Richie Havens redefines folk over four decades

You can easily call Richie Havens a folksinger. He is, after all, an acoustic-guitar–playing Boomer. But you can't call him typical: His distinctive style couldn't be further from the sanctimonious post-Dylan stereotype. Instead, he's continued to propagate the dogged, soulful, street-level folk that made him famous.

Havens first drew the world's attention when he appeared in the 1970 film Woodstock. Backed by guitarist Paul "Deano" Williams and conga player Daniel Ben Zebulon, he delivered a powerful cover of the traditional spiritual "Motherless Child" (his version became better known as "Freedom" because he chanted the word during the song's ad-libbed intro). His tall figure hunched over his guitar, sweat soaking the top of his long orange tunic, Havens played for the half-million-strong crowd as if he were in a fitful trance.

He was likely exhausted. Though he appeared in the middle of the film, Havens actually opened the 1969 festival, and "Freedom" ended a three-hour set (he had to cover for other musicians who were stuck in traffic). Havens puts the legendary clip in perspective today. "I was out of songs at that point," he says, "so I just riffed on what brought us all there. It was that simple."

Richie Havens: Giving folk its freedom.
Courtesy of Madison House
Richie Havens: Giving folk its freedom.

Havens' Woodstock performance cemented his reputation as one of folk's most compelling artists, not to mention his status as a major African-American artist in the hippie subculture. It was also testimony to the versatility and grit of his background.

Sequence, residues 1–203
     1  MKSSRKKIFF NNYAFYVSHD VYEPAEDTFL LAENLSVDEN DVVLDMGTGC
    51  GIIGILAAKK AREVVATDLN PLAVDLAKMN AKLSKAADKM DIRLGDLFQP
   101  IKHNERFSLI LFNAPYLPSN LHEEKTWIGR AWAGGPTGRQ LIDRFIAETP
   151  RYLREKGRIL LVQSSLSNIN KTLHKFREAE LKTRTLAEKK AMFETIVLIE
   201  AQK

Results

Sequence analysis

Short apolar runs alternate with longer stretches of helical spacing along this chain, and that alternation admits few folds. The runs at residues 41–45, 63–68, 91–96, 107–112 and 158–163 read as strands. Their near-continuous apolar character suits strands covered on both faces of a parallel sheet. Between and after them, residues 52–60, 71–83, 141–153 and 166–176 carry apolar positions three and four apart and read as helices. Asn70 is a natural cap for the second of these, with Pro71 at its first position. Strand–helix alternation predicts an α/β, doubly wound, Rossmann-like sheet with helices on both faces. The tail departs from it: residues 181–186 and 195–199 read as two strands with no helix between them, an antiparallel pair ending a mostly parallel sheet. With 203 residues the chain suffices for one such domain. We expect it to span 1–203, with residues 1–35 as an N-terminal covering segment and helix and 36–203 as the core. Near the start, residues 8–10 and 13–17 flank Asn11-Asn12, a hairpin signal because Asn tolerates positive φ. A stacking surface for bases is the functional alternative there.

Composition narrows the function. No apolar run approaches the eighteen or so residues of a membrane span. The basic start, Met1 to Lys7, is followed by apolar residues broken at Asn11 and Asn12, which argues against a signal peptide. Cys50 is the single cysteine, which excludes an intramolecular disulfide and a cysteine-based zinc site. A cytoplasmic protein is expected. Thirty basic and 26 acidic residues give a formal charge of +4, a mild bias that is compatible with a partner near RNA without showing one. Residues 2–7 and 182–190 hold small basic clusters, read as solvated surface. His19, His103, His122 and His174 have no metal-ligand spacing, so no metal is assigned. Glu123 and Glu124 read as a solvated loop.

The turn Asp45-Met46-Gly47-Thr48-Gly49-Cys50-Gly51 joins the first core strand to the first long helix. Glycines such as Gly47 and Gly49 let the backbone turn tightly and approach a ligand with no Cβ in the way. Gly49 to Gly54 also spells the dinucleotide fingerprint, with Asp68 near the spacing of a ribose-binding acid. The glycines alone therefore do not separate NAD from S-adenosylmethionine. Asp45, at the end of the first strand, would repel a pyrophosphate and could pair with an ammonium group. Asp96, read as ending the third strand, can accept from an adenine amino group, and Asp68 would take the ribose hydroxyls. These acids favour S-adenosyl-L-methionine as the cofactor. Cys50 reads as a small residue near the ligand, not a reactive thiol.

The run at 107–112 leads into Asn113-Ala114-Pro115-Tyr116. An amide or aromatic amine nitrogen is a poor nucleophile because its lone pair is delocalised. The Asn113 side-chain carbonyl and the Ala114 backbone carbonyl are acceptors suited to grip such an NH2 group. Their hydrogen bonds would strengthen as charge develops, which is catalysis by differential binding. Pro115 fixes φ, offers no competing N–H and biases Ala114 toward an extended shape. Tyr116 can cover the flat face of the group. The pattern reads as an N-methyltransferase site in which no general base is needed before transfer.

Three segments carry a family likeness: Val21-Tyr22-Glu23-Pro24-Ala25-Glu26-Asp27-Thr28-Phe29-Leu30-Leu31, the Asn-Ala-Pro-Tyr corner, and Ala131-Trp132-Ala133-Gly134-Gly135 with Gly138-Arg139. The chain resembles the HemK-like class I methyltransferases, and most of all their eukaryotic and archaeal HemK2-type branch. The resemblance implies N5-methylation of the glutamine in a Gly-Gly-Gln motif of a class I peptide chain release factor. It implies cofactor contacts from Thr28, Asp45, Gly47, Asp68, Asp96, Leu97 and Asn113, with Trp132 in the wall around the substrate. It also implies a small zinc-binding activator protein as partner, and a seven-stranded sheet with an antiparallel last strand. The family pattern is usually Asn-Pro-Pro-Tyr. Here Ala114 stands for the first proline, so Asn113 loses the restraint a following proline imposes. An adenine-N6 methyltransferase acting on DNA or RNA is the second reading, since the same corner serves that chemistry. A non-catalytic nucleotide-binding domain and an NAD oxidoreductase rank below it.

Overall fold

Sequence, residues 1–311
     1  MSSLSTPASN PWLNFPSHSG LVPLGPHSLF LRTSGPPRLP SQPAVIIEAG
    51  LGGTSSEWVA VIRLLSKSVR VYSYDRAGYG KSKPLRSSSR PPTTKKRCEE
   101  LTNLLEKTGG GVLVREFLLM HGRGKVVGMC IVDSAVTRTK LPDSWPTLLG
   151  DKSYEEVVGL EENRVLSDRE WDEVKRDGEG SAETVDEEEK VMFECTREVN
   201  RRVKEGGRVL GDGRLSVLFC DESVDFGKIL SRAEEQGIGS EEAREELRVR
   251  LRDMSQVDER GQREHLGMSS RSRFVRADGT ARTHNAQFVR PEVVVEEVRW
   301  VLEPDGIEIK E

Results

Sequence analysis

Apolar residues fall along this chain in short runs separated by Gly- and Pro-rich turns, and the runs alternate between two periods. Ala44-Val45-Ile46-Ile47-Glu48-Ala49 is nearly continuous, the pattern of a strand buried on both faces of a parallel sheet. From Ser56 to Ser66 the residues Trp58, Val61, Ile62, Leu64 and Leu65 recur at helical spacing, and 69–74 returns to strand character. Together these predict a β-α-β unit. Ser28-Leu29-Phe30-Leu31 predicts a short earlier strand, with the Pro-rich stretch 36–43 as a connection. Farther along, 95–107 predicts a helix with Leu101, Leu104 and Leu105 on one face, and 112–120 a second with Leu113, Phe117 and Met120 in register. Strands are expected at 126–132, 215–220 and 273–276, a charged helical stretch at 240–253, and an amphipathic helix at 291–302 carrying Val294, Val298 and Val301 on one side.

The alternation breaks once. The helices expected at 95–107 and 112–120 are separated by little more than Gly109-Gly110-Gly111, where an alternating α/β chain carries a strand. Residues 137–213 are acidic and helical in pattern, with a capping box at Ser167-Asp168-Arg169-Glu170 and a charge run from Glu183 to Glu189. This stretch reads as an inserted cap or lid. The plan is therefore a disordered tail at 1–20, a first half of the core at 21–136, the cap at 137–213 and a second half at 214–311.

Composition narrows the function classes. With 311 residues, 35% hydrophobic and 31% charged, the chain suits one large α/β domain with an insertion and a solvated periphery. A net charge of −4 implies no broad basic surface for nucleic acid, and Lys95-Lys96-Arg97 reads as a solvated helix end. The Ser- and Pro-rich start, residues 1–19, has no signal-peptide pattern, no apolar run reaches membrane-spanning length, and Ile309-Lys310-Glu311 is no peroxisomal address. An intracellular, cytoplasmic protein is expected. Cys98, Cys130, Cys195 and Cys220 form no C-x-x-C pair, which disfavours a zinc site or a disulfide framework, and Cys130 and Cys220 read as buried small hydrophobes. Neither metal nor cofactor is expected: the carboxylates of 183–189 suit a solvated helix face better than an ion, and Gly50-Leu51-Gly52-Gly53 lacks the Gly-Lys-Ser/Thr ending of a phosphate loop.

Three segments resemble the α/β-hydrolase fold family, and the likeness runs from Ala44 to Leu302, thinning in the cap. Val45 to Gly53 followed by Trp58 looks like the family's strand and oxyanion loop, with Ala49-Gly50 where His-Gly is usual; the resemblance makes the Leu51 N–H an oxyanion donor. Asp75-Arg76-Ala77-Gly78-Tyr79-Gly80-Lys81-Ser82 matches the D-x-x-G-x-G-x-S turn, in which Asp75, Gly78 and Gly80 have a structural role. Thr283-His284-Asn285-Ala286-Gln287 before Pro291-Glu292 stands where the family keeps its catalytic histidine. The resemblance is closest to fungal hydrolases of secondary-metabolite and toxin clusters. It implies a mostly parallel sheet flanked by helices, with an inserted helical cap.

Havens grew up in Brooklyn's melting-pot Bedford-Stuyvesant district, singing the gospel and street-corner doo-wop that influenced his reedy vocal style. By the late '50s, Manhattan's burgeoning boho mecca beckoned. "Kids on the block used to call me a beatnik because I drew portraits and wrote poetry," Havens recalls. After hearing that the beatniks convened in Greenwich Village, its folk clubs and poetry readings inspired him to move there by 1961. Havens credits his upbringing in immigrant-heavy Brooklyn for easing his cultural transition into the burgeoning Village scene, where he was one of few African-Americans.

Impatient to start performing, Havens honed a unique, chunkily percussive bar-chord guitar style that endeared him to the neighborhood clubs that would soon lure Joan Baez and Bob Dylan. His range enabled him to tour colleges with the likes of Nina Simone and Mongo Santamaria, and get jazz and blues clubs bookings in cities across the country.

But it was Woodstock — which Havens terms "the Great Becoming" — that led to his 40-year, 30-album career on both major labels and independents, including his own Stormy Forest imprint. His own songs — from 1967's war-protesting "Handsome Johnny" to the politician-bashing title track of his most recent album, Nobody Left to Crown — reflect the bluesy gravitas he has also brought to his covers of "Won't Get Fooled Again" and "Here Comes the Sun."

Since resurfacing in recent years to a new generation via collaborations with electronic act Groove Armada, the 68-year-old "kid from Brooklyn" has gotten more of his due as an innovator. Nobody Left to Crown finds Havens mellowing his instrumental sound with cello and organ accompaniment. But his lyrical and vocal strength remain steadfast on tracks like "(Can't You Hear) Zeus's Anger Roar," the gospel feel of which reflects his early roots. Havens uses those dynamics to keep a sharpened edge to folk — and to prevent his music from succumbing to the genre's tedious stereotypes.

 
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